NYT Columnist Frank Bruni
Around that same time, there were movements on scattered college campuses to attach so-called trigger warnings to texts whose evocations of, say, anti-Semitism or rape might prompt emotional turmoil in students. This echoed moves years earlier by officials at some elementary, middle and secondary schools to prune standardized tests of words that might distress students, either by summoning life’s harshness, reminding them of their deprivation or making them feel excluded. “Poverty,” “slavery,” “divorce,” “hurricanes” and “birthdays” were on a list drawn up by New York City educators, who later abandoned the plan. -- The Wilds of Education

Friday, September 26, 2014

Lesson Plans

Nice piece of writing by Chicago high school teacher and Louder Than a Bomb poetry coach, Dave Stieber at Huffington, "Lessons Learned in Englewood: 8 Years of Reflections From a CPS Teacher". Worth sharing with my students and fellow educators.

Dave Stieber's I Teach website is here.

THE POINT OF PRODUCTION... I did some classroom walk-throughs and observations (not evaluations) with a middle school principal yesterday. Watched him interact and give good, welcomed feedback to teachers. He's trying to help build a professional community based on trust and collaboration.

The classroom, for him, is where most good discussions of school improvement and teaching/learning start. But few principals I see are prepared or have the time or inclination to be instructional leaders, coaches, connoisseurs of good teaching, and many of the new ones, coming out of the power philanthropists' training programs, have little teaching experience themselves. They're increasingly sent in to become building managers and ramrods. Walk-throughs and observations, little more than gotchas, trying to affirm the dominant narrative about "bad teachers" being the problem.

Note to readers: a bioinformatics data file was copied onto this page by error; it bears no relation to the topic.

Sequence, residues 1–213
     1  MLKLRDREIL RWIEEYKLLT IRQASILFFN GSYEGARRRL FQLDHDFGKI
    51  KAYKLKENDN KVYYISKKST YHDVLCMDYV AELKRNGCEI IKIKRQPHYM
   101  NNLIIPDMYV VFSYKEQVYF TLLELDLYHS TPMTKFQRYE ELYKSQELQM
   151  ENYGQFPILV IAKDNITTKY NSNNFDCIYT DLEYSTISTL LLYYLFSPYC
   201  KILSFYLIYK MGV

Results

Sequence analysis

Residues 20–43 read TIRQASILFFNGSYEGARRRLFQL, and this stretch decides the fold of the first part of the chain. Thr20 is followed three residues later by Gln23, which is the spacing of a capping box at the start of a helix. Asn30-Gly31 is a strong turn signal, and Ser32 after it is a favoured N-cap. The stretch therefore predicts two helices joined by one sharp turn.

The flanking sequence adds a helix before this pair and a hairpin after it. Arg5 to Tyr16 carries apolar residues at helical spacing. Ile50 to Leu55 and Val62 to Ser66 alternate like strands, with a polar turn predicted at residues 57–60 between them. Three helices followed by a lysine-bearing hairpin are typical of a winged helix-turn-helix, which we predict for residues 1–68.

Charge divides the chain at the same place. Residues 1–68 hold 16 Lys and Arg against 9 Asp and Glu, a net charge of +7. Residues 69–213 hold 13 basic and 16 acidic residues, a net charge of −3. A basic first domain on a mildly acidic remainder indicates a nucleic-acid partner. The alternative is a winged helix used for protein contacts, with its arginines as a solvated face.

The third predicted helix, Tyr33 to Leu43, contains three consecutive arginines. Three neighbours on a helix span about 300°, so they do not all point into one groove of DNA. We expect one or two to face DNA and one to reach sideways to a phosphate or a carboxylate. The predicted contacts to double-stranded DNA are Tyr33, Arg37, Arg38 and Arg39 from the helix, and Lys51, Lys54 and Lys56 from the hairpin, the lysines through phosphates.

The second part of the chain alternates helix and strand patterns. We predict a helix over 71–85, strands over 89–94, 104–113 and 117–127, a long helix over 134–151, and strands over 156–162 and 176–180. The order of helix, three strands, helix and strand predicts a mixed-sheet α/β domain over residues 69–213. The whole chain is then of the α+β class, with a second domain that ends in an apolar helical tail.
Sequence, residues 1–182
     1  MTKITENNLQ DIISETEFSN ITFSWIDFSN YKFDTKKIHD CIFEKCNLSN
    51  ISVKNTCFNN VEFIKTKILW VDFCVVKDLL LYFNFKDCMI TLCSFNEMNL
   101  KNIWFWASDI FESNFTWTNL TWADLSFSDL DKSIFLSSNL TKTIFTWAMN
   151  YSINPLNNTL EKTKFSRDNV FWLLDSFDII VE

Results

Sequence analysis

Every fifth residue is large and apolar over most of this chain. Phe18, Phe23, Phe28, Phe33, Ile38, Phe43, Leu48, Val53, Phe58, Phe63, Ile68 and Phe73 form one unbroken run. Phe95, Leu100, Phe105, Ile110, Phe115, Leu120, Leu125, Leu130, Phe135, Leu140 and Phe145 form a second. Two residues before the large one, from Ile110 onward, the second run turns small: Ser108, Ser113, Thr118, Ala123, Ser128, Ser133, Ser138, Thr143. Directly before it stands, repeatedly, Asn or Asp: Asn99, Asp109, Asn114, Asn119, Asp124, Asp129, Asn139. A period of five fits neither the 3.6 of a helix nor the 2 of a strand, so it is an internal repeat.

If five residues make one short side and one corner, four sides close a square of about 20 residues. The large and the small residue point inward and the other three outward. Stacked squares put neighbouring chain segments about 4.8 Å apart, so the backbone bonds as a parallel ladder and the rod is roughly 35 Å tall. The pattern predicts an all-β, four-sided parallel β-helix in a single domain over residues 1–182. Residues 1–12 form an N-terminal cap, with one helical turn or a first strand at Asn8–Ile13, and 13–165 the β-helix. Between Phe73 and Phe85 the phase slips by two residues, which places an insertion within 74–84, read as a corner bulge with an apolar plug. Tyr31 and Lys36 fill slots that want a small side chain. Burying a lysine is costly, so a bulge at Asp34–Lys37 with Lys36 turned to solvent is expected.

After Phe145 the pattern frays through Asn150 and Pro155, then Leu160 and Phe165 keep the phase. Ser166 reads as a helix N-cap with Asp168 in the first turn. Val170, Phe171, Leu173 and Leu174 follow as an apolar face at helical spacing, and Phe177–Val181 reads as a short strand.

Thanks for that narrative, Arne Duncan.

ANOTHER REASON I'M A FAN of Karen Lewis. She's carrying on the legacy of our first black mayor, Harold Washington.. Chicago Reporter's Curtis Black writes:
The New Era Windows Cooperative was the perfect setting for Karen Lewis to deliver her core message to an enthusiastic group of supporters: What Chicago needs is “a restoration of participatory democracy.”
“When you have participatory democracy, people can determine what’s best for their communities, as opposed to waiting for years for some development from on high that may or may not be meaningful” in addressing issues faced by residents, the teachers union president and prospective mayoral candidate told a gathering sponsored by the McKinley Park Progressive Association this week.
Karen's rap got Black to remark:
 It sounds like she would restore something like the community hearings on the city budget that Mayor Harold Washington instituted in 1983. Mayor Richard M. Daley continued those hearings, though their number was reduced sharply and they became rather perfunctory. Mayor Rahm Emanuel canceled them after his first year in office.
Remarkable isn't it, that 30 years later, Harold's name is still invoked by all sides as the model of good government.

Thursday, September 25, 2014

More name dropping

Jitu Brown and 10 other protesters say their arrest at City Hall Tuesday night forced the mayor to provide services for Dyett High School students. (DNAinfo)